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FDA BPA assessment says bisphenol-a safe in food-contact products for infants, humans
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HEALTH

January 2018

Do You Need a Bisphenol-a (BPA) Detox?

January 2018

According to a Google search, many people today are looking to rid their bodies of any number of substances they define as toxins. In that regard, a recent Men's Health article titled "Do Detox Diets Work? We Tried the Most Popular Ones So You Don't Have To" has some interesting observations. Though it debunks four popular detox diets and supplements, its most important statement is right at the beginning:

"While many companies claim their detox products offer the latest and greatest ways to flush out your system, you're about to learn the secret of an all-powerful tool that does it best. It's called (wait for it) your liver.

"'Evolutionarily we're lucky, because the liver has millions of enzymes and processes to help us detoxify,' says Christopher Hoyte, M.D., medical director of the toxicology clinic at the University of Colorado School of Medicine, 'and it works overtime, all the time, to keep us healthy.'"

BPA (Bisphenol-A) is one substance from which some claim we need detoxing. While it's true we're exposed to trace levels of BPA, primarily through our diet, do we need any kind of treatment to eliminate it from our body?

The simple answer is no, we don't, largely for the reason that Dr. Hoyte provided above. It's well known from many studies on laboratory animals, and several studies on human volunteers, that BPA is efficiently converted to a biologically inactive metabolite (i.e., detoxified) after exposure, which is then quickly eliminated from the body in urine.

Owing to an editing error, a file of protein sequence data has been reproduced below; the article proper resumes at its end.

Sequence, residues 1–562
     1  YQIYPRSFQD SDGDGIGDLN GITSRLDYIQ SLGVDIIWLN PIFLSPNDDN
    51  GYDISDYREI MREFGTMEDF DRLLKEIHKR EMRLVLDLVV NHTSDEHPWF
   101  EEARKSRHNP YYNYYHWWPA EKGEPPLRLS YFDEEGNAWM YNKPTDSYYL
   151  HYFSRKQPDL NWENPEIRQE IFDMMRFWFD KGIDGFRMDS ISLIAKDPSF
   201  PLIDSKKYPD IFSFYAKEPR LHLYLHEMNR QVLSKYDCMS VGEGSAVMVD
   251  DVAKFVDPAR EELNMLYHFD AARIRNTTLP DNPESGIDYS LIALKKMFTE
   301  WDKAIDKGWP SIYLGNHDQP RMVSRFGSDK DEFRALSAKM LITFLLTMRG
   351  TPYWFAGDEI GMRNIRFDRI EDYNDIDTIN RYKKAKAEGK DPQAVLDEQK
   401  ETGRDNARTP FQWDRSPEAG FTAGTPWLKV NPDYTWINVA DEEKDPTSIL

Metabolism occurs initially by enzymes present in the intestinal wall as BPA is absorbed from the gut. Any BPA that survives metabolism during absorption passes to the liver, where the same enzymes are present. The process is so efficient that no BPA was found in the blood of human volunteers treated with BPA at levels typically found in the diet.

Based on the way BPA is processed in the body, it's not likely that BPA could be harmful at the very low levels present in our diet. Do you need to be concerned at all? No -- not according to regulatory bodies around the world that have reviewed BPA science, including the many studies on BPA metabolism. Getting right to the point, U.S. Food and Drug Administration experts state: "Is BPA safe? Yes."

Still not convinced? In the near future, FDA scientists will release results from the largest study on BPA ever conducted. The results aren't available yet, but you can read about the study now and come back later for the results.

UPDATE: A draft report of the study mentioned above, known as CLARITY-BPA, was released in February 2018, and is discussed in more-recent articles on this website.

 

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